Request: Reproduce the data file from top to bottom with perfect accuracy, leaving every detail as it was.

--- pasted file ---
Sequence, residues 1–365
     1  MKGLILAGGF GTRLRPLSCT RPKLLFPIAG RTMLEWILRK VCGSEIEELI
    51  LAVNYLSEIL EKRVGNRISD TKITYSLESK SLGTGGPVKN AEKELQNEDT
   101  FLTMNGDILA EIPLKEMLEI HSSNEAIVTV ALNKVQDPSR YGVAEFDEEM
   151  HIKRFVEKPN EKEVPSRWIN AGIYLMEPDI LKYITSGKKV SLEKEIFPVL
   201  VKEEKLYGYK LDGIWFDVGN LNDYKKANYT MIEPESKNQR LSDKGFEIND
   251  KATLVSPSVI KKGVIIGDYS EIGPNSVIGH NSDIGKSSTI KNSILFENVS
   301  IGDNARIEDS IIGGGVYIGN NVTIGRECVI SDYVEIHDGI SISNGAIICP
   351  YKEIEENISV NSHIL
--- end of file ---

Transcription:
Sequence, residues 1–365
     1  MKGLILAGGF GTRLRPLSCT RPKLLFPIAG RTMLEWILRK VCGSEIEELI
    51  LAVNYLSEIL EKRVGNRISD TKITYSLESK SLGTGGPVKN AEKELQNEDT
   101  FLTMNGDILA EIPLKEMLEI HSSNEAIVTV ALNKVQDPSR YGVAEFDEEM
   151  HIKRFVEKPN EKEVPSRWIN AGIYLMEPDI LKYITSGKKV SLEKEIFPVL
   201  VKEEKLYGYK LDGIWFDVGN LNDYKKANYT MIEPESKNQR LSDKGFEIND
   251  KATLVSPSVI KKGVIIGDYS EIGPNSVIGH NSDIGKSSTI KNSILFENVS
   301  IGDNARIEDS IIGGGVYIGN NVTIGRECVI SDYVEIHDGI SISNGAIICP
   351  YKEIEENISV NSHIL